• Risk Management Matrix®

    The Risk Management Matrix® began as an informal body of knowledge based on the combined documented experience of over 100,000 hrs of swiftwater experience of Jim Segerstrom (since 1984) and Jim Lavalley (since 1988), including their research and experience as international, court recognized subject matter experts, in court cases they on worked together, regarding fatal accidents in this environment and the resulting coroner inquiries and civil litigations.

    In many of these cases, there were no standards or regulations in place regarding Standard of Care and it had to be created case by case, based on the record of performance of rational, objective and successful persons operating in similar situations (mandate, tasks and environment).

    In 2002 Jim Lavalley began to formalize and structure this research and evidence based, body on knowledge into the objective, Risk Management Matrix®.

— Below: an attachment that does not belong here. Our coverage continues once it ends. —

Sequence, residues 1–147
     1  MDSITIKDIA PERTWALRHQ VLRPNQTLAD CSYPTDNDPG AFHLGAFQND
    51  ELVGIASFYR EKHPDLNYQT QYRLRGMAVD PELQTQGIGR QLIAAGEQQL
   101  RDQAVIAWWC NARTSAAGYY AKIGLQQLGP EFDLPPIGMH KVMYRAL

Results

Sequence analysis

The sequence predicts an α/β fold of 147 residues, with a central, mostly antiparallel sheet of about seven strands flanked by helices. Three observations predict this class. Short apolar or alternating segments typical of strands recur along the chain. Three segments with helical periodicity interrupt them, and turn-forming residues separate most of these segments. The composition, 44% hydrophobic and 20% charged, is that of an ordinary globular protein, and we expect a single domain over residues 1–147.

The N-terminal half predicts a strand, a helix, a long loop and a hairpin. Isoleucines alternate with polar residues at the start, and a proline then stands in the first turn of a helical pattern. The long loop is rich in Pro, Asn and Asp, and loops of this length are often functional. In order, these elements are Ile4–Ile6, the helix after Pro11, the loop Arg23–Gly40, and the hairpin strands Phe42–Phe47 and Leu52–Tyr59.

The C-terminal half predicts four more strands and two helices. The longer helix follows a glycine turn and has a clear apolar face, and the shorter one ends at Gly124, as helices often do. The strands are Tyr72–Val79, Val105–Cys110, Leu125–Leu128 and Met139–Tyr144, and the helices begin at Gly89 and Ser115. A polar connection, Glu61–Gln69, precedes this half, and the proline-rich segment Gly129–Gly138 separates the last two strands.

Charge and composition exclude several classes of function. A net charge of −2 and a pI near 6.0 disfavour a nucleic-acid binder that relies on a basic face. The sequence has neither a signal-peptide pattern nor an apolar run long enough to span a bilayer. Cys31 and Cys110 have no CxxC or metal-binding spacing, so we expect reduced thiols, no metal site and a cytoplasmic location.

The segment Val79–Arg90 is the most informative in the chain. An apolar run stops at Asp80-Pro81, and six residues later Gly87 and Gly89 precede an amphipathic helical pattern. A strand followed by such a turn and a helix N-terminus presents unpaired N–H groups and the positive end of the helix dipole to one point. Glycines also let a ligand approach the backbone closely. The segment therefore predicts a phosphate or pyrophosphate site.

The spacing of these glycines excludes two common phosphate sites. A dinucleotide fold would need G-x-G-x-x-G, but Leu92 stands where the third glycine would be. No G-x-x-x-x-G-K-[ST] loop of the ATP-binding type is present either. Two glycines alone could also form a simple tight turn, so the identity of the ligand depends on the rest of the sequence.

For example, environmental matrices rank risks into four objective levels:

    • low
    • moderate
    • high
    • extreme

    as applied to the survivality in specific environment of

    • an untrained, healthy adult
    • a trained, experienced and equipped expert, in the land, water and aerial environments.

    For example the water environment has matrices for rivers, flood, surf and storm surge.

    Regarding rivers, the IRIA Matrix is based on nineteen objective criteria, in both scope and frequency, in four levels of risk, which can be applied all people/organizations operating in this environment.

    The international river classification system developed as a guideline for canoeists and kayakers is based on two subjective factors in six levels of difficulty.

    Both systems certainly have their place, however in some applications (in court and in developing professional standards) objective, evidence based criteria has shown to have some advantages over subject, opinion based guidelines.

    The IRIA Risk Management Matrix® is the foundation of the IRIA professional Standards.